SRA sets out fee caps for financial mis-selling claims


Philip: Finding a balance

The Solicitors Regulation Authority (SRA) has set out the fee caps it is planning to impose to prevent law firms handling financial product or services mis-selling claims from charging “excessive” fees.

There would be an exception for a “small proportion of cases”, including those unsuitable for statutory redress schemes or with complex or novel circumstances.

A consultation paper said the regulator’s aim was to ensure “a continued viable market” for solicitors to represent consumers with financial service claims, “particularly where claims are complex and/or within untested areas”.

The Financial Guidance and Claims Act 2018 imposed a duty on the SRA and Financial Conduct Authority (FCA) to make rules restricting charges for claims management activities in relation to financial services or product compensation claims.

The SRA board decided in June 2021 that its approach would be to follow the rules laid down by the FCA as “primary regulator” of claims management activities. So the proposed caps follow the sliding scale adopted by the FCA for claims management companies (CMCs).

Where the compensation obtained was between £1,000 and £1,499, fees would be limited to 30%, 28% where compensation was £1,500 to £9,999, 25% from £10,000 to £24,999, 20% from £25,000 to £49,999, and 15% thereafter.

There would also be a cap on the maximum total fees law firms could charge, from £420 for the smallest category of compensation to £10,000 for the biggest. Charges would be unenforceable if they exceeded the restrictions.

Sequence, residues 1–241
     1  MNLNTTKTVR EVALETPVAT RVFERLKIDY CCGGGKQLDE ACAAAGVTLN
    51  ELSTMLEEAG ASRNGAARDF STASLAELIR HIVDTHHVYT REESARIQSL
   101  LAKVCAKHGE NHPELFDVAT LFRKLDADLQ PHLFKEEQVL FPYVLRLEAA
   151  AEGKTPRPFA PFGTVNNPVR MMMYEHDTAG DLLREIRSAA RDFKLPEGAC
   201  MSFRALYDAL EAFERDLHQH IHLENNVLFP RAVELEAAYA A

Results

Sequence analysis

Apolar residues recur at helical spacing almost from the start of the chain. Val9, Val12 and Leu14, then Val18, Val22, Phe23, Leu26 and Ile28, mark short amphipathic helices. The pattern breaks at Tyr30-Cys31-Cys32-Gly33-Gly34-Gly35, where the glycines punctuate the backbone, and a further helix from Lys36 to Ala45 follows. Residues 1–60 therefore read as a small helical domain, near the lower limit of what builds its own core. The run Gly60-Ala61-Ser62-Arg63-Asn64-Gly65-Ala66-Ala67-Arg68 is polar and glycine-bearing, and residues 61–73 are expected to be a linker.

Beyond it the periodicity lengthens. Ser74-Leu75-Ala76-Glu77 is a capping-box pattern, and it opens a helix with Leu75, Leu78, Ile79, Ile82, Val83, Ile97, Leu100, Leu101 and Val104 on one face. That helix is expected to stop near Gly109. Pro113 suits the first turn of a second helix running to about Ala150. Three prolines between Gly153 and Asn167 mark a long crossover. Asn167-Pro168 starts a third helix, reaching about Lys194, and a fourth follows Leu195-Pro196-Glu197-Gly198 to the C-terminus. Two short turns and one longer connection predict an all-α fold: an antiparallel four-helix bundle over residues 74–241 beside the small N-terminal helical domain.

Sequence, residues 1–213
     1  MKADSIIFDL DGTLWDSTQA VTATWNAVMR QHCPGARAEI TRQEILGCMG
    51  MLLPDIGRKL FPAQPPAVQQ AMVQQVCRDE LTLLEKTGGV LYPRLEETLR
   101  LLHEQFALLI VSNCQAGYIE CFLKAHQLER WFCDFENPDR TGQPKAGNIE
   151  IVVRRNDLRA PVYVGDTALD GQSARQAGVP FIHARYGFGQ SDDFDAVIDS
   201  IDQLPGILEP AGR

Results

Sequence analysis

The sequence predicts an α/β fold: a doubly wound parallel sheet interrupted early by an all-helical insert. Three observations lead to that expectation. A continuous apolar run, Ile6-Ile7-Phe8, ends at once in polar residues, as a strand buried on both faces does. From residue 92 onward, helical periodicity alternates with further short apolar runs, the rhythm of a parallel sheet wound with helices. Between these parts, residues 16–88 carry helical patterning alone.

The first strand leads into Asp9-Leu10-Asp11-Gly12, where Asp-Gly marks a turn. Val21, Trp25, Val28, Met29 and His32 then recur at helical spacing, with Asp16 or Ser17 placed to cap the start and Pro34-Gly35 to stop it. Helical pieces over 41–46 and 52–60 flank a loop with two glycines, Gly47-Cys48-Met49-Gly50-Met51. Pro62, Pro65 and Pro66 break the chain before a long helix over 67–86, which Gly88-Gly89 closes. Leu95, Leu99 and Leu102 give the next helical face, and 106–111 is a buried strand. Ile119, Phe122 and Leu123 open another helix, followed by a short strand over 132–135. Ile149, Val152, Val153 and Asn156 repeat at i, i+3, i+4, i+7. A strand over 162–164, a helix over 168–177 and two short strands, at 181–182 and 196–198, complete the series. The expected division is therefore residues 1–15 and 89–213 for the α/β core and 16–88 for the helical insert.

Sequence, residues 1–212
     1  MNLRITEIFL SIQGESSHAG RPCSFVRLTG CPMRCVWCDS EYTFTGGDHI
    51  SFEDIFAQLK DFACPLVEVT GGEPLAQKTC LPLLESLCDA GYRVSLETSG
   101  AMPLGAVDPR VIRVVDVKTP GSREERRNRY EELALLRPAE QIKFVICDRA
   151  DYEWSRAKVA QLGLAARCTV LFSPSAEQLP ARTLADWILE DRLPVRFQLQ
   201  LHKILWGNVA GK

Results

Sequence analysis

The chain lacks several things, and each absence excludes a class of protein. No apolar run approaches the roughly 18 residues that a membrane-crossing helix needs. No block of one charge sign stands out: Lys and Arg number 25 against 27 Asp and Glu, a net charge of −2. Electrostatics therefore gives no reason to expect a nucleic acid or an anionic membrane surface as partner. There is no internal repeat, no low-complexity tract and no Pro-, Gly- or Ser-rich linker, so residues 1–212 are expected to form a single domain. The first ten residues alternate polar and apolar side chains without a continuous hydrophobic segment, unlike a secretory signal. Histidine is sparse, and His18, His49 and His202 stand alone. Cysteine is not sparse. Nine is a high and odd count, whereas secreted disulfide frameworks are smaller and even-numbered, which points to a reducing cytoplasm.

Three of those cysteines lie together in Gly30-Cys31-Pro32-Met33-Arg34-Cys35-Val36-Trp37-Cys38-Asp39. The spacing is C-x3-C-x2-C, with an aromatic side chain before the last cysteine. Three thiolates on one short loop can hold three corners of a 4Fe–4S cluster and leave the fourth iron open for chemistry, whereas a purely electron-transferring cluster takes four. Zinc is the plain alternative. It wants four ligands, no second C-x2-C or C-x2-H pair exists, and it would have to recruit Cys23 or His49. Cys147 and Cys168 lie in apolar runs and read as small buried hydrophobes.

Where law firms’ fees were not covered by the new caps, they would still have to be ‘reasonable’.

The SRA said the first main category of exempt claims was “representation on a claim that is eligible for direction initially to a statutory redress scheme but that is are subsequently prevented from further progression through that scheme or another scheme”.

The second was claims with circumstances “that are particularly complex, novel, or connected to group processes and that, as part of the solicitor’s discussion of options with the consumer and acting in the client’s best interests, result in agreement to pursue redress through the courts rather than a statutory redress scheme”.

The SRA said these cases incurred higher costs for law firms, meaning that the work “may become unviable” if they were subject to the same restrictions.

“This in turn would lead to some law firms no longer offering representation for the most complex or novel financial service claims, impacting negatively on consumer choice and access to justice.”

Solicitors would be required to provide information to consumers before they signed up about the other options for pursuing redress.

In an impact assessment, the SRA added: “Parity between our proposed banding model and the model in the FCA’s rules will provide increased clarity to consumers – whether they choose to use a CMC or a law firm.”

Paul Philip, chief executive of the SRA, commented: “Fees for claims management work related to financial products or services have to be set at a level that means the cost is affordable for people seeking redress, while ensuring that it is still a viable area of work for firms that provide this service for those who need it.

“So although the number of law firms involved is small, the impacts for consumers could be significant.”




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